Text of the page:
But Chief Justice Patience Roggensack also wrote a separate dissent, which was joined by Justice Annette Ziegler, suggesting that even if the court were to hear the case, Trump might not get what he’s looking for.
“We, as the law declaring court, owe it to the public to declare whether WEC’s advice is incorrect,” Roggensack wrote. “However, doing so does not necessarily lead to striking absentee ballots that were cast by following incorrect WEC advice. The remedy Petitioners seek may be out of reach for a number of reasons.”
The court’s three liberals, Justices Ann Walsh Bradley, Rebecca Dallet and Jill Karofsky, all ruled that the case should be denied.
The second case decided by the court Thursday was filed on behalf of Dean Mueller, of Chippewa Falls, by his wife, attorney Karen Mueller. It argued that the drop boxes used to collect absentee ballots in the 2020 election were illegal, which was enough to overturn the results of the entire election. The court declined to hear the case in a 4-3 ruling without explanation.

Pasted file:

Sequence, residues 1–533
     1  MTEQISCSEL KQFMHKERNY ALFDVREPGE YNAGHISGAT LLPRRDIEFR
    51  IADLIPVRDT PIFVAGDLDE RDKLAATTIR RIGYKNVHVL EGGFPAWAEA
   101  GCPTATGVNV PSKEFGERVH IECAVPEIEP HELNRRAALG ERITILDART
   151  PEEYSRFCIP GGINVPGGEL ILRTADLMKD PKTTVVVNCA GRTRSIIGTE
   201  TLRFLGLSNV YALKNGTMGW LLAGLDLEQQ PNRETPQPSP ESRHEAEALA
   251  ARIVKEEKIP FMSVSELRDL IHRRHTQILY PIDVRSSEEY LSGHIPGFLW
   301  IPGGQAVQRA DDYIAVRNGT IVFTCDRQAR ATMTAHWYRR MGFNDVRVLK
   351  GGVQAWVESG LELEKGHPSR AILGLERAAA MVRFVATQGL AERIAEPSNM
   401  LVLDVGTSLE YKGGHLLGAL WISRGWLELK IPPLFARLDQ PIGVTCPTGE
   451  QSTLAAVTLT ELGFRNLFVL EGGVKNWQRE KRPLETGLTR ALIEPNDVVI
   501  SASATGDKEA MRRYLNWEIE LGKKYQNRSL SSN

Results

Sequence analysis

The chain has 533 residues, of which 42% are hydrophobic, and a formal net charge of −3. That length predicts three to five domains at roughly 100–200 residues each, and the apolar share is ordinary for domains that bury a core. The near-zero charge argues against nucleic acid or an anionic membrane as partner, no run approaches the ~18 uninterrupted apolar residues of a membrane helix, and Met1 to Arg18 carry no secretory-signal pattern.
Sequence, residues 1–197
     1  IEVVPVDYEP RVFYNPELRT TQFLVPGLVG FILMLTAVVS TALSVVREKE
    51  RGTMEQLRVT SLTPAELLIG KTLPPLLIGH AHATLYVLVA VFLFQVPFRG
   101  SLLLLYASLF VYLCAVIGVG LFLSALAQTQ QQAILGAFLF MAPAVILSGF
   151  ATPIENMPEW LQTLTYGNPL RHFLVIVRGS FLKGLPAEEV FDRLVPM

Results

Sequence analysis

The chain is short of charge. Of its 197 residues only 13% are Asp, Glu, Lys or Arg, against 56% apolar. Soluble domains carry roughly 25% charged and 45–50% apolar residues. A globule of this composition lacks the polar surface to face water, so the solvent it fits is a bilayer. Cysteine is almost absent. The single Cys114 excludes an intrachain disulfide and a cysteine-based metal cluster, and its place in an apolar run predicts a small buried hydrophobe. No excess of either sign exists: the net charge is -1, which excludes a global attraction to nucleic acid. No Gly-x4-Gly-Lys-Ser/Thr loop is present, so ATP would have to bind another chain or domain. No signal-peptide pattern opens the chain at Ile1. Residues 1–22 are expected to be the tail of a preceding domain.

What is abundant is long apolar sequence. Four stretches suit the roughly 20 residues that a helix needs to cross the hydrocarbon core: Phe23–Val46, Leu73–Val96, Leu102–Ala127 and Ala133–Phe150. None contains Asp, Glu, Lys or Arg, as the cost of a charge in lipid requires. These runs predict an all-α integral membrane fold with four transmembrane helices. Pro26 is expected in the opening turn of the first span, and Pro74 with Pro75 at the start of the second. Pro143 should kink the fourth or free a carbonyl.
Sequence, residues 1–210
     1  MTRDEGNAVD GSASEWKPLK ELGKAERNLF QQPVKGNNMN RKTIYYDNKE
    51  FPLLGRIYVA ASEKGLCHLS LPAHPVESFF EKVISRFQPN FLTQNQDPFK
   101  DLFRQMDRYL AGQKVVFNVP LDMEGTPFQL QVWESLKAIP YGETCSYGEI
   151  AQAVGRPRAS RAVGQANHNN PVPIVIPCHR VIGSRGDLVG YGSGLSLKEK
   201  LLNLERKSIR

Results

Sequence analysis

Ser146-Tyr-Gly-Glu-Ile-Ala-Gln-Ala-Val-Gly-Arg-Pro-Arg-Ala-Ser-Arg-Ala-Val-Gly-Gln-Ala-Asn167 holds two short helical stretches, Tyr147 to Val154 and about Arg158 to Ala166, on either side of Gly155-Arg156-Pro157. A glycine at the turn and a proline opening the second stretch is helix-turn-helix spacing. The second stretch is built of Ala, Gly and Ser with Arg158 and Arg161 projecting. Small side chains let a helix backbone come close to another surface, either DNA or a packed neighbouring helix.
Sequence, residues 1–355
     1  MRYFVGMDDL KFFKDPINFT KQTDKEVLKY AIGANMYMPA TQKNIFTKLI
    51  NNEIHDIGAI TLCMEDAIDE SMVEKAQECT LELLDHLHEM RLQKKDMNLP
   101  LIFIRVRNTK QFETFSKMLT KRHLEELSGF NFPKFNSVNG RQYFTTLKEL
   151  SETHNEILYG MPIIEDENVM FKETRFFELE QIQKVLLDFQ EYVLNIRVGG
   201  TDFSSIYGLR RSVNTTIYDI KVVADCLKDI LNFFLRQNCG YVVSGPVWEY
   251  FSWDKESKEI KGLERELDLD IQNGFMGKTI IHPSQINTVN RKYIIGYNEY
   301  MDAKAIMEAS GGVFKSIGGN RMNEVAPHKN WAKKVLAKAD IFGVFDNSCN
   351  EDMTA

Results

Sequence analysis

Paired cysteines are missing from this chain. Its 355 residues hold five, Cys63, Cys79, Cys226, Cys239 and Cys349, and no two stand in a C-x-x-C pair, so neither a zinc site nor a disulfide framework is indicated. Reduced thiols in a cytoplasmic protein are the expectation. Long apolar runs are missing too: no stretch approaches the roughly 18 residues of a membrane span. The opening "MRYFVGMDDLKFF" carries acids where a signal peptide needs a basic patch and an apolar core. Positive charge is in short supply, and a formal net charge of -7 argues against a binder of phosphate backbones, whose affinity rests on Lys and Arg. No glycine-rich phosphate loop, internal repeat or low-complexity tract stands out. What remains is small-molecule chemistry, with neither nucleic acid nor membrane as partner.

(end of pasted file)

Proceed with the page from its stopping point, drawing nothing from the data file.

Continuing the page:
Democratic Presidential-elect Joe Biden defeated Trump by 20,682 votes in Wisconsin, flipping a state that Trump won by fewer than 23,000 votes in 2016.
Trump filed his lawsuit with the state Supreme Court after ordering a recount in Dane and Milwaukee counties, Wisconsin’s Democratic strongholds. Recounts there showed little change to the final results and no evidence of fraud.